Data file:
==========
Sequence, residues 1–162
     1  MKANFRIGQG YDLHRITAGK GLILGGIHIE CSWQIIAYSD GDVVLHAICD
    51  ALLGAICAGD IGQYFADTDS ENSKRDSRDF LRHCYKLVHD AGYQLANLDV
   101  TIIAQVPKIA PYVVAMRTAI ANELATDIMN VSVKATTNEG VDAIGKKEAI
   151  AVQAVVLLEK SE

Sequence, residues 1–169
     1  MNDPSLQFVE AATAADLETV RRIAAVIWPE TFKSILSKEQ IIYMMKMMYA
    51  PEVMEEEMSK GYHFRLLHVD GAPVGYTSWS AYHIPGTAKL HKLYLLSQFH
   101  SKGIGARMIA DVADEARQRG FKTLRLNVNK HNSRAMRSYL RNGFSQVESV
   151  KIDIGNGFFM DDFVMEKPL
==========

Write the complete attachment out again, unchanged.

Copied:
Sequence, residues 1–162
     1  MKANFRIGQG YDLHRITAGK GLILGGIHIE CSWQIIAYSD GDVVLHAICD
    51  ALLGAICAGD IGQYFADTDS ENSKRDSRDF LRHCYKLVHD AGYQLANLDV
   101  TIIAQVPKIA PYVVAMRTAI ANELATDIMN VSVKATTNEG VDAIGKKEAI
   151  AVQAVVLLEK SE

Sequence, residues 1–169
     1  MNDPSLQFVE AATAADLETV RRIAAVIWPE TFKSILSKEQ IIYMMKMMYA
    51  PEVMEEEMSK GYHFRLLHVD GAPVGYTSWS AYHIPGTAKL HKLYLLSQFH
   101  SKGIGARMIA DVADEARQRG FKTLRLNVNK HNSRAMRSYL RNGFSQVESV
   151  KIDIGNGFFM DDFVMEKPL